Soccer

Miami FC’s magical U.S. Open Cup run ends in quarterfinals at hands of FC Cincinnati

The Miami FC's forward Stefano Pinto, drives against FC Cincinnati's MF Corben Bone, during the first half of quarterfinals of the U.S. Open Cup at Riccardo Silva Stadium at FIU in Miami on Wed., Aug. 2, 2017.
The Miami FC's forward Stefano Pinto, drives against FC Cincinnati's MF Corben Bone, during the first half of quarterfinals of the U.S. Open Cup at Riccardo Silva Stadium at FIU in Miami on Wed., Aug. 2, 2017. pportal@elnuevoherald.com

This time, the weather was perfect for the U.S. Open Cup quarterfinal clash between Miami FC and FC Cincinnati. Not a drop of rain. No thunder. No lightning.

Unfortunately for the record crowd of 10,415 fans at FIU’s Riccardo Silva Stadium on Wednesday night — many of them using their soggy tickets from the postponed July 12 rainout — the home team was also missing its offensive thunder for much of the game and lost 1-0.

Miami, a team known for its crisp passing and scoring, did neither in the first half. Late in the half, after Miami FC lost the ball yet again, coach Alessandro Nesta, one of the greatest defenders of all time, got so frustrated he angrily threw a plastic cup to the turf.

Meanwhile, FC Cincinnati, a defensive-minded team that hadn’t allowed a single goal through four U.S. Open Cup games, made more dangerous runs than Miami and outshot Nesta’s men 8-3 before intermission. The score was tied 0-0 at the break.

“First half we were very flat, didn’t play well at all,” Miami midfielder Mike Lahoud said. “Second half, they literally took one shot and scored. That’s the Open Cup in a nutshell. Credit to them. They defended for their lives. It’s all gone our way until this evening, a very difficult pill to swallow, and you could see how crestfallen we all were.”

Miami came out more aggressive in the second half and had several scoring chances, including a trio of corner kicks over a seven-minute span. It outshot Cincinnati 8-5 after halftime.

But the visitors took the lead in the 68th minute on a goal by Senegalese forward Djiby off a cross by Justin Hoyte, and that was all they needed.

Djiby has scored all four goals for Cincinnati in the Open Cup.

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The Miami FC's Midfielder Michael Lahoud #26, drives against FC Cincinnati's MF Kenny Walker #6, during the first half of quarterfinals of the U.S. Open Cup at Riccardo Silva Stadium at FIU in Miami on Wed., Aug. 2, 2017. Pedro Portal pportal@elnuevoherald.com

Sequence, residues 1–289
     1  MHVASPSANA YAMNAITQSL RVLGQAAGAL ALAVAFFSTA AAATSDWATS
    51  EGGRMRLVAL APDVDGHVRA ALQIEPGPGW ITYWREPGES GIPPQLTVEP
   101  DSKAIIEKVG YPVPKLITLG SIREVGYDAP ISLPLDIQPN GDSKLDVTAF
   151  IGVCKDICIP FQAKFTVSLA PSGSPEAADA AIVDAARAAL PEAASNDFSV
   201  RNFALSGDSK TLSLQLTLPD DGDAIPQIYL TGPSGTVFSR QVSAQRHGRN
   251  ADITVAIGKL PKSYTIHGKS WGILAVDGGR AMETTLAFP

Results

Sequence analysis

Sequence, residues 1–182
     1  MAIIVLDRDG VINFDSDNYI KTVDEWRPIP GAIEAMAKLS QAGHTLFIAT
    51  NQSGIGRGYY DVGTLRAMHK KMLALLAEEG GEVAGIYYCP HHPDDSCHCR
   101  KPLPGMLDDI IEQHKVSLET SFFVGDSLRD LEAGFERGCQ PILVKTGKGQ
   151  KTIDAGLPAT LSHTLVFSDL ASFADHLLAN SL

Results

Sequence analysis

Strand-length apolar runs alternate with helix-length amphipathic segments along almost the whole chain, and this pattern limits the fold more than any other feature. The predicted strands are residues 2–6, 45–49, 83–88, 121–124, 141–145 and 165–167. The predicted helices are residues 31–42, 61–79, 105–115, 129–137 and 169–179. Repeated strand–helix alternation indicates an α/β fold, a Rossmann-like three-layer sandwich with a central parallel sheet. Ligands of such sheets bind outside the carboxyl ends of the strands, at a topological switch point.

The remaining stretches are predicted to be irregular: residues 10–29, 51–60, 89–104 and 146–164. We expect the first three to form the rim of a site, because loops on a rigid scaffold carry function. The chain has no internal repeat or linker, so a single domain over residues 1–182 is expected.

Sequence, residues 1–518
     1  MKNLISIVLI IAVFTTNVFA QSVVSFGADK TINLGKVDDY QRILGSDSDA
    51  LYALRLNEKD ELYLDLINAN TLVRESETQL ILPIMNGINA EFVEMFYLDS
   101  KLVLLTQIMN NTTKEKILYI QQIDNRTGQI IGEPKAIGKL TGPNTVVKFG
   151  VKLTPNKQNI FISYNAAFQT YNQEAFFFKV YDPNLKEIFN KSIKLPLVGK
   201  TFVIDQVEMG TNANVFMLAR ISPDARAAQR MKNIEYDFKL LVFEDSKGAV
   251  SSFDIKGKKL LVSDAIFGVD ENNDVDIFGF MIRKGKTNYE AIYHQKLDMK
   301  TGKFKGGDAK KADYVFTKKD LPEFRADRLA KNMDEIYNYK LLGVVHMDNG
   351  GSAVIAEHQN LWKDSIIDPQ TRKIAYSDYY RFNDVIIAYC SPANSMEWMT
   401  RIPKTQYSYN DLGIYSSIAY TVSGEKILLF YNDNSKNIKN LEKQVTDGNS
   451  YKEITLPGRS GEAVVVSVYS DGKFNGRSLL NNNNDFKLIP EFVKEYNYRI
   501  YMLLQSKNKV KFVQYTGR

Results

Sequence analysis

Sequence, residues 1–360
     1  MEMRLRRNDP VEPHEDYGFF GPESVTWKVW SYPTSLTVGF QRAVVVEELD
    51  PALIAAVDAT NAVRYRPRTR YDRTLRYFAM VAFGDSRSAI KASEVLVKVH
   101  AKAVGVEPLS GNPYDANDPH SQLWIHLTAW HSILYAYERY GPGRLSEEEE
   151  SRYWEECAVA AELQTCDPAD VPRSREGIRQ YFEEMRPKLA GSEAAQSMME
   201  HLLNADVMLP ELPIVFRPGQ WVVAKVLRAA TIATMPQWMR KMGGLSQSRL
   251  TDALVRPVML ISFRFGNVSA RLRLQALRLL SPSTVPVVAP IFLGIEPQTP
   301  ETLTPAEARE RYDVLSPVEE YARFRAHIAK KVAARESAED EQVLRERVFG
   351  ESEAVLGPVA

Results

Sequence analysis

Powerful Kwadwo Poku had a chance to tie it up for Miami FC in the 89th minute, but his close-range shot was deflected by Cincinnati goalkeeper Mitch Hilderbrandt, who got a foot on it and pushed it wide as Miami’s Vincenzo Rennella made a futile attempt to save the rebound.

FC Cincinnati, which plays in United Soccer League, will host Major League Soccer team New York Red Bulls on Aug. 9 and become the first non-MLS team to reach an Open Cup semifinal since the Richmond Kickers did it in 2011. They are sure to get a huge crowd at Nippert Stadium, where they drew 32,287 for their Round of 16 game against the Chicago Fire, the second-largest crowd in tournament history.

Miami and Cincinnati both play in second-division leagues and advanced to Wednesday’s match with back-to-back upsets of MLS opponents.

Miami won the NASL Spring Season title, posting an 11-3-3 record and scoring 33 goals — nearly double the output of second-place San Francisco. Miami outscored its first four Cup opponents 11-5 and routed San Francisco 7-0 the week before the originally scheduled game against Cincinnati.

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The Miami FC's forward Vincenzo Rennella, drives against FC Cincinnati's midfielder Aodhan Quinn, during the first half of quarterfinals of the U.S. Open Cup at Riccardo Silva Stadium at FIU in Miami on Wed., Aug. 2, 2017. Pedro Portal pportal@elnuevoherald.com

Cincinnati has not conceded a goal through five tournament games — a stretch of 151 minutes. It won its first three matches 1-0 and won the Round of 16 game against the Chicago Fire in a penalty kick shootout, with Hildebrandt making three huge saves.

When the final whistle blew on Wednesday, Poku fell face flat on the turf and stayed down for several minutes. Rhett Bernstein also stayed face down on the field. Meanwhile, the Cincinnati players celebrated and ran over to the northwest corner of the stadium, where about 100-150 Cincinnati fans were overjoyed.

“In a fairy tale, we make it to the Open Cup final, win, and I buy everyone in this room a bottle of champagne,” Lahoud said. “But the fairy tale’s not over. It’s still being written here. Something special is happening here in Miami. Now it’s gut-check time, and it’s about realizing our dreams in the league and rewarding the crowd.”

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